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The molecular basis for antibody stability in the bioprocess environment

Abe, Y.; (2011) The molecular basis for antibody stability in the bioprocess environment. Doctoral thesis , UCL (University College London).

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Of the four human IgG antibody subclasses IgG1-IgG4, IgG4 is unusual in that it does not activate complement and exhibits atypical self-association including the formation of bispecific antibodies. Given the therapeutic importance of human monoclonal antibodies their solution properties are critical to understanding clinical function and response to manufacture and storage. Thus IgG4 was studied under a range of relevant bioprocess, storage and accelerated degradation conditions and analysed by synchrotron X-ray scattering, analytical ultracentrifugation, circular dichroism and other relevant biophysical techniques. The first study was carried out at a range of protein concentrations at pH 7.4. This indicated a small concentration dependence of the IgG4 solution structure. The averaged conformation of the Fab regions appear able to hinder complement C1q binding to the Fc region and the self-association of IgG4 through the Fc region. These results provide a starting point to understand antibody structural stability during their manufacture. Low pH conditions were also studied as these are typically used for both viral inactivation and elution from protein A affinity resins during IgG manufacturing bioprocesses. Time and concentration dependent conformational changes and aggregation events were studied for the IgG4 at pH 3. It was observed that at all protein concentrations studied, the monomer size decreases over the first 100 minutes at pH 3. It was found that the molecular conformation changes along with an intramolecular increase in the beta-sheet content of the protein. At the higher protein concentrations, these events preceded aggregation suggesting that they may have a role in the propensity of the IgG4 to aggregate. The IgG4 was also studied over a range of temperatures at pH 7.4 using classical accelerated degradation experiments. However, no significant loss of protein was observed over the time and conditions studied.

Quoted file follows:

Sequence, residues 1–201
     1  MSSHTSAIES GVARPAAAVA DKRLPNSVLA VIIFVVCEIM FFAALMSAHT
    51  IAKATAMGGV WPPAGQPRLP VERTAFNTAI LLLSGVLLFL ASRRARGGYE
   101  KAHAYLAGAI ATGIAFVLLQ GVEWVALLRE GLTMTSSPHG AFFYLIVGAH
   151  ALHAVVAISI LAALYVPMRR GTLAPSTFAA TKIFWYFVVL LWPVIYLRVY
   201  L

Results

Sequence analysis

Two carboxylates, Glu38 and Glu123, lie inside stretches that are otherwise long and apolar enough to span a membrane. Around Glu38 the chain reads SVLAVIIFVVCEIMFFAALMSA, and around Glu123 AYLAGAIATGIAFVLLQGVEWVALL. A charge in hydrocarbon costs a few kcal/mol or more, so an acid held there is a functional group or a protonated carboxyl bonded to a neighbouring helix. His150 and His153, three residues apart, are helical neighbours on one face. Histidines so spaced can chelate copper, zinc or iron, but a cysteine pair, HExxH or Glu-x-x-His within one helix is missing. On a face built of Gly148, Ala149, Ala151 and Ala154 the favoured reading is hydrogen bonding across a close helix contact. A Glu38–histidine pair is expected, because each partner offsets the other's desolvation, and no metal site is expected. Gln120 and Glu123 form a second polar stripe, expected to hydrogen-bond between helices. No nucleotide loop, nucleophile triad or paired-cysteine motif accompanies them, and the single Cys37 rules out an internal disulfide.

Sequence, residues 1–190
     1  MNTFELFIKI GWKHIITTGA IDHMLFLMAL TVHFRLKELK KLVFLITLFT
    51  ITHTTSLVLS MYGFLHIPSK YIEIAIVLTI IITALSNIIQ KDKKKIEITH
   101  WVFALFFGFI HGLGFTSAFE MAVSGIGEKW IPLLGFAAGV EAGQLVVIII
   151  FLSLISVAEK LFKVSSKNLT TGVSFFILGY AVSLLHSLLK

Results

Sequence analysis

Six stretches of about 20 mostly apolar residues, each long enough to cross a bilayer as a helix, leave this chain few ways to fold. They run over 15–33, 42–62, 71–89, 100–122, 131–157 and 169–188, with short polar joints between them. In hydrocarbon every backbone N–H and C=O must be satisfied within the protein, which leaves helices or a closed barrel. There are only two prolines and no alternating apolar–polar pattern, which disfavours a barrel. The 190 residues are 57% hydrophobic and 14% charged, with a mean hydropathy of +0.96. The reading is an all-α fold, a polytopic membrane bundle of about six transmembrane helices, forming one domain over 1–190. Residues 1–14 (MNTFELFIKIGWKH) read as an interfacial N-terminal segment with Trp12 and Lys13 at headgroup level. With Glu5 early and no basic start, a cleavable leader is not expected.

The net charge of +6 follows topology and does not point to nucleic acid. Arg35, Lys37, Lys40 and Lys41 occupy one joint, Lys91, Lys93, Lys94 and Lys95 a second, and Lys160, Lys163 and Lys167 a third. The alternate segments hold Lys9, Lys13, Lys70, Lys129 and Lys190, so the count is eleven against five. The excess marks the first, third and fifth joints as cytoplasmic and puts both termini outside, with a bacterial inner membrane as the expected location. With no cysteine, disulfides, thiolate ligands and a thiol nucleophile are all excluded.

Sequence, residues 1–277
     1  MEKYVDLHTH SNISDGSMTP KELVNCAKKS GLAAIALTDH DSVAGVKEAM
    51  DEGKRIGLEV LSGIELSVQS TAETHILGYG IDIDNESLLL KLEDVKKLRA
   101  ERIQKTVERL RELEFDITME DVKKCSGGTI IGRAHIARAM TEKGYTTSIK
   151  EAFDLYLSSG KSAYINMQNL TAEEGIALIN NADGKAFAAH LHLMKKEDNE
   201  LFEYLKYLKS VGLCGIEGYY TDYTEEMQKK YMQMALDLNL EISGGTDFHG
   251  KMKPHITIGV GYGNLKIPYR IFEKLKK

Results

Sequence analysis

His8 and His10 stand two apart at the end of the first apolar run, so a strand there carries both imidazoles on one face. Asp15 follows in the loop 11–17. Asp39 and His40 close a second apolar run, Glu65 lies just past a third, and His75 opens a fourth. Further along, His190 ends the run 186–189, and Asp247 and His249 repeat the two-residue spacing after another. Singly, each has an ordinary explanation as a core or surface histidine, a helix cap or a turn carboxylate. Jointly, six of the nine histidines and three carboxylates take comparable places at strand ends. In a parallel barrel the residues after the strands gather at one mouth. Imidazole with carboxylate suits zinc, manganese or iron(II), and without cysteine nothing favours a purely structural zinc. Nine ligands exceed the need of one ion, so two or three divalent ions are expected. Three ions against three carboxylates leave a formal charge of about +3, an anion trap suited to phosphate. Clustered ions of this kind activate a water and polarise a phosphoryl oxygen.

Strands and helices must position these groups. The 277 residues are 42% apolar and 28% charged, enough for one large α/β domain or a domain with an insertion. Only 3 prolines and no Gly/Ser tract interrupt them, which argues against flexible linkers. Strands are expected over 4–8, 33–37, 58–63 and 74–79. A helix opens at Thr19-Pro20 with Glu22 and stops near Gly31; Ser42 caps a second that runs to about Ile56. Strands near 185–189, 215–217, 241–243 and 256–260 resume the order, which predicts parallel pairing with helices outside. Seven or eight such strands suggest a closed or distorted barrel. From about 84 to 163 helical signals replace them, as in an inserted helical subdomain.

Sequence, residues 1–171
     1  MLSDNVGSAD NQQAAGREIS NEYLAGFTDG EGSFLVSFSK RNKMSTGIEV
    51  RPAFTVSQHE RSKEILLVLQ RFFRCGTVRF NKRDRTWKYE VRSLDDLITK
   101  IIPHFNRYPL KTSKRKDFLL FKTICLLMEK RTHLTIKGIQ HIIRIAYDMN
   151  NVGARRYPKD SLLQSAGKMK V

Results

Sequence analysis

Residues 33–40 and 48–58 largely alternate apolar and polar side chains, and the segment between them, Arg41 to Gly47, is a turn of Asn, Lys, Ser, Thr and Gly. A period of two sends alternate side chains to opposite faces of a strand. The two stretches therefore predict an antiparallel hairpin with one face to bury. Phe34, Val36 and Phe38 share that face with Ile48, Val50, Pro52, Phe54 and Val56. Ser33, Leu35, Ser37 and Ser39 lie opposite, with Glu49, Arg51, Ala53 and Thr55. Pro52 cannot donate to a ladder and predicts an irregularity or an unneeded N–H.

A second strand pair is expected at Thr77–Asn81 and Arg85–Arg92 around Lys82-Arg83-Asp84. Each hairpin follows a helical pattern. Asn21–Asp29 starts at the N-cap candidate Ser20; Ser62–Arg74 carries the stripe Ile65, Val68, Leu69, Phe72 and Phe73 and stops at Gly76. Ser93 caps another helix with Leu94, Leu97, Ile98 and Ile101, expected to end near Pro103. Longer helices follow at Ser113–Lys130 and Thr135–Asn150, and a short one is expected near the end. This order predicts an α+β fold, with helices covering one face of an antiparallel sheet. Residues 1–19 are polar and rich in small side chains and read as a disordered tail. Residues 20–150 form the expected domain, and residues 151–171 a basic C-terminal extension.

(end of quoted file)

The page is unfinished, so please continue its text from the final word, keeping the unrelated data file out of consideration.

Type: Thesis (Doctoral)
Title: The molecular basis for antibody stability in the bioprocess environment
Language: English
Additional information: Permission for digitisation not received
UCL classification: UCL > Provost and Vice Provost Offices > School of Life and Medical Sciences > Faculty of Life Sciences > Div of Biosciences > Structural and Molecular Biology
UCL > Provost and Vice Provost Offices > UCL BEAMS > Faculty of Engineering Science > Dept of Biochemical Engineering
URI: https://discovery.ucl.ac.uk/id/eprint/1302958
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